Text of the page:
My Top 10 Social Media Moments

Over the years, social media has challenged, amused, embarrassed, inspired and enlightened me. In no particular order (but numbered, so I can call it a “top-10” list) here are some of my favorite moments:

10. Opting out of a page in ” the Facebook” in early 2005 with the quip, “I just don’t see why anyone would want one.” doh.

9. Sending what was meant to be a funny tweet about spending my 12th night in a month at JFK’s Terminal 5, only to get a reply from someone I didn’t even know 5 minutes later confirming my *prepaid* reservation at the Marriott down the street.

8. Discovering the Twitter backchannel at an academic conference–and getting WAY more value out of it than I ever had from any plenary, panel, or keynote.

7. Watching bloggers who had never actually met greet each other like long-lost sisters the first day of a social media conference. Being baffled. And then doing it myself the next year.

6. Finally “getting” Facebook as dozens of people from my graduating class (most of whom were never really “friends” in high school) came together to support a classmate whose baby daughter was born with a hole in her heart.

5. Watching a dozen inner-city teenagers actually fact-check–and spell-check–their homework, because their audience was the world (aka Wikipedia)…instead of just their over-earnest teacher.

4. Being brought up on stage and called out as the only person in the audience of a social media conference still rocking the flip phone.

3. Seeing my blog called “wise and delightful” in a tweet from someone I would have been tempted to faun over had I we ever been in the same room.

2. Realizing that one of the projects we’d funded through TippingBucket had helped to launch the Arab Spring.

1. Signing the check for our first $1,000,000 crowd-funded grant. (This one hasn’t happened yet. But it will.)

Those are my moments…
What are some of yours?


Joining the Wikipedians

“So, SaraJoy, you’ve just completed your first major edit to a Wikipedia article. How do you feel?”

Well, Bernard, I’m actually surprised how satisfied I feel. I feel like I’ve contributed something–picked up where someone else left off and made the information available to the world on something I really care about quite a bit more complete and compelling. I feel pretty good.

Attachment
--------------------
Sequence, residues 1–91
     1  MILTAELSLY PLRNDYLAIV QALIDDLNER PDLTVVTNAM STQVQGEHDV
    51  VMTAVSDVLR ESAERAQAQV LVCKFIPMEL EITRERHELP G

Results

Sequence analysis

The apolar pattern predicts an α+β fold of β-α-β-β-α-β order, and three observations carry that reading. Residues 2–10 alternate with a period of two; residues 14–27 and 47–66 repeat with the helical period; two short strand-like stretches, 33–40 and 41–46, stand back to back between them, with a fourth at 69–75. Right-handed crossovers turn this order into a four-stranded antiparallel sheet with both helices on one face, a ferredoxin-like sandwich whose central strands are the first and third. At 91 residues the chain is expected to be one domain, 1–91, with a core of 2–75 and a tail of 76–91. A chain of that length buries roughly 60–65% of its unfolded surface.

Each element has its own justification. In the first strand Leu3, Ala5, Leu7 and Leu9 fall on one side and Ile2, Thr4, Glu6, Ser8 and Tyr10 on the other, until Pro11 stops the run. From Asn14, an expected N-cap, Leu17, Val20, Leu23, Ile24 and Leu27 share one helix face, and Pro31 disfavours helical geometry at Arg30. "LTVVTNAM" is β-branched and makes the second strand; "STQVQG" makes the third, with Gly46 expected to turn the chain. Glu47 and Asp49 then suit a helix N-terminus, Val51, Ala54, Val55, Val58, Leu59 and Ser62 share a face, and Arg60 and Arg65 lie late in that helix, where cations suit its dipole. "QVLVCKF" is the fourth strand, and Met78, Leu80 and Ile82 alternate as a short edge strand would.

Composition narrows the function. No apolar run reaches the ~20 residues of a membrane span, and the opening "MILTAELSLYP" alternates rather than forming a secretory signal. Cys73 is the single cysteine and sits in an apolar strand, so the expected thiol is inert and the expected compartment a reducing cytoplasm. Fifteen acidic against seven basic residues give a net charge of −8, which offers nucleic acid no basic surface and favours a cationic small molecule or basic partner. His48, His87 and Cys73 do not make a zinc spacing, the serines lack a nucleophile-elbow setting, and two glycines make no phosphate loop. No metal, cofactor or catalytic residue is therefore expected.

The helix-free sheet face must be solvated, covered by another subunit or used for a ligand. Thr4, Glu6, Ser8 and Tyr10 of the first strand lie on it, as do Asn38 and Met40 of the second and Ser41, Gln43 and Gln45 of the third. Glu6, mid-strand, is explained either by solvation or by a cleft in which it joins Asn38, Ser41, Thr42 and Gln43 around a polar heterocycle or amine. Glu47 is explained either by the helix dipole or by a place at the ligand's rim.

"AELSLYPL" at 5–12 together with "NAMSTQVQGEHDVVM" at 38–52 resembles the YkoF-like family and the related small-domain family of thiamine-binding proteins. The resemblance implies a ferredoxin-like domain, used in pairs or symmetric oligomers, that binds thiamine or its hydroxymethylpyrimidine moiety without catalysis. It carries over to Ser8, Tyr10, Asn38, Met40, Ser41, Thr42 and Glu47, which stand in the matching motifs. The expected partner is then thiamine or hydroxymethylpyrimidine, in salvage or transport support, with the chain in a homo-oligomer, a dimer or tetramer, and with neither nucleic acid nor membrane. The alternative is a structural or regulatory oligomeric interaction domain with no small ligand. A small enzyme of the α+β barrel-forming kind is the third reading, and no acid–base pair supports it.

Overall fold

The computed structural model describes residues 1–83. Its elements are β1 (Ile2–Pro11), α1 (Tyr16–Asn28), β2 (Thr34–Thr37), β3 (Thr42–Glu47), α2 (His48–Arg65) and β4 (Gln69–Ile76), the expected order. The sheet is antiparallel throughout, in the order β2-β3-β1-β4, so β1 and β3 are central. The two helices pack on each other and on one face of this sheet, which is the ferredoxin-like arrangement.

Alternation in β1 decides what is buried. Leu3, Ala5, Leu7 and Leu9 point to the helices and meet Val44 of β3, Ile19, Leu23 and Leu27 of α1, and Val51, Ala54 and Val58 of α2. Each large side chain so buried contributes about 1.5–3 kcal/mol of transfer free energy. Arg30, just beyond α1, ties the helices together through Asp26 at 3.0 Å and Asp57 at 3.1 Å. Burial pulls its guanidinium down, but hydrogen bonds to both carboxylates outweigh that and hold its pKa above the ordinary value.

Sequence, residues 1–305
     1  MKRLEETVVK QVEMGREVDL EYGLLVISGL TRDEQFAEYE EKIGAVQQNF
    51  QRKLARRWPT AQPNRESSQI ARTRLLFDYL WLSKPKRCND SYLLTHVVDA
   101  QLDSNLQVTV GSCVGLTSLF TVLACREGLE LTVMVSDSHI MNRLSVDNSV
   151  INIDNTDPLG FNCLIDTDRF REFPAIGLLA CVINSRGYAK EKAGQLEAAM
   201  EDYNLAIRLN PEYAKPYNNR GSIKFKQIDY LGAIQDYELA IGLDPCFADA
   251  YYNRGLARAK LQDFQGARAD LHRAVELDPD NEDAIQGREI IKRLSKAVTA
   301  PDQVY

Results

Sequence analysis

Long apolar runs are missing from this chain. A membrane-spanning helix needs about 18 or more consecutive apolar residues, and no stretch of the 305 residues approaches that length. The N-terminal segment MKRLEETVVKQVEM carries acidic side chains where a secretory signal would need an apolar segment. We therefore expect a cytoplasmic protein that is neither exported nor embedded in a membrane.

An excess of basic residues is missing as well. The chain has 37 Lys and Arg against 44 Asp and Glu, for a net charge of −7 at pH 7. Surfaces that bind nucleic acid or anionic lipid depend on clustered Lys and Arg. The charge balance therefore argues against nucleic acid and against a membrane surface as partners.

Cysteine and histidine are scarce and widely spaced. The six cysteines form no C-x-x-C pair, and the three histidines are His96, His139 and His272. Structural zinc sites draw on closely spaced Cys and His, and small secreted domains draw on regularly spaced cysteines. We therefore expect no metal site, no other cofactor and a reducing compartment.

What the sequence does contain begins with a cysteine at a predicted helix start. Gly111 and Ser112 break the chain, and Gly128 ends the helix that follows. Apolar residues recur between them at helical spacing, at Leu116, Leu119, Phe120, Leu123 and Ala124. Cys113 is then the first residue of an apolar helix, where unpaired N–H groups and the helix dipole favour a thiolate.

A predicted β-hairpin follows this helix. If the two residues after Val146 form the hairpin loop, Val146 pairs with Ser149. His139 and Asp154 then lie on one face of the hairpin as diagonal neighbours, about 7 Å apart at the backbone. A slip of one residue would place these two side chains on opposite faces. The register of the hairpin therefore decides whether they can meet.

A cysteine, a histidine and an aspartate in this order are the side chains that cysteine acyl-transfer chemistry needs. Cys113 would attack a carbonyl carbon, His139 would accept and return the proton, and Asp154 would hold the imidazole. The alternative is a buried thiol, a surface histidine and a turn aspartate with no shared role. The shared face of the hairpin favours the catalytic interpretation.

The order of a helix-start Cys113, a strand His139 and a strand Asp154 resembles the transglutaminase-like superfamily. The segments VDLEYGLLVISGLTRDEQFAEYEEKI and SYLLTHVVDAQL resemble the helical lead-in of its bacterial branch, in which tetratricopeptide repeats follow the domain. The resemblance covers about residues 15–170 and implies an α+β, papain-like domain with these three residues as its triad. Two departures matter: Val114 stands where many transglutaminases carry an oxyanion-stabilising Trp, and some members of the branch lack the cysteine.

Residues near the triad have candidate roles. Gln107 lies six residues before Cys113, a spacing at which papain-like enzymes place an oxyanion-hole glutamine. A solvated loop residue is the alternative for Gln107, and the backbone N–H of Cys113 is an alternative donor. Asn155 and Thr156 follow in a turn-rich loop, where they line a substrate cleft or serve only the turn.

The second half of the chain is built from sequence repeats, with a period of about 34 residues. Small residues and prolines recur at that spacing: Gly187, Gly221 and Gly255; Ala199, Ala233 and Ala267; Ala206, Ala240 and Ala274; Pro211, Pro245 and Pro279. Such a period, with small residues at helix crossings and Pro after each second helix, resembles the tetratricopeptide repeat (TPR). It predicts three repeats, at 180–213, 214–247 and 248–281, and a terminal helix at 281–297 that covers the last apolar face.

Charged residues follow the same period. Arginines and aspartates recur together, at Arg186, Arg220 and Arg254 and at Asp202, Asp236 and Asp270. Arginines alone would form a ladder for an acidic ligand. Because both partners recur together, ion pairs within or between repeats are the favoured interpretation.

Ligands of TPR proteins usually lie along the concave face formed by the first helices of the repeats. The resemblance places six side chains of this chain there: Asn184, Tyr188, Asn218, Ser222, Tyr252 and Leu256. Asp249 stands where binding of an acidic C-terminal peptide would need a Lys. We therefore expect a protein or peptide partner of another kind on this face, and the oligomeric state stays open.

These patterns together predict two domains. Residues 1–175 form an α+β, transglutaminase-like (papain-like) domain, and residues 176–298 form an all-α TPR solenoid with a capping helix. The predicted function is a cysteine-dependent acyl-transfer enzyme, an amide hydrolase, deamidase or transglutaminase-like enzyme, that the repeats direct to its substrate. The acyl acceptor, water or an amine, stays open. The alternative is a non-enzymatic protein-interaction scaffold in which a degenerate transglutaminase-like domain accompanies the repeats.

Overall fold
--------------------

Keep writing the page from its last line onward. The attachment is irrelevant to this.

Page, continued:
Also a little scared though. Yeah, got some butterflies about what might happen in the next couple days. How will people react? Will they think I’ve done a terrible job? Did I actually get something wrong? All that. Actually I care quite a bit more about that than I thought I would.

“How did this compare to other writing you do on a regular basis?”

Writing for Wikipedia was actually quite a revealing experience that way. I enjoy writing immensely, and even though “encyclopedic” isn’t exactly how I’d describe my natural voice, it was stimulating to work at concise, objective statements of facts that wouldn’t put the reader to sleep. The thing that struck me, however, was how much more meticulous and discerning I was about sourcing and fact-checking for this piece. It’s with more than a little chagrin that I admit to feeling significantly more motivated to maintain stringent accuracy, locate credible sources, and ferret out interesting facts for an audience of 40,000 complete strangers than I usually have been for a professor, or even myself.

“What do you think you’ll do next?”

Truth be told, I think I’d actually enjoy becoming a regular contributor to Wikipedia. It flexed my writing muscles well enough and could be down right exciting if I found a couple mates to be editing buddies with–critique and contribute to each other’s edits etc. Trouble is, I haven’t got the time. Between bouncing around on the web in search of references, emailing experts, trying to incorporate as much of the existing text as possible into the re-write, and the whole coding bit, this little article took me hours! Maybe when I’m through with school…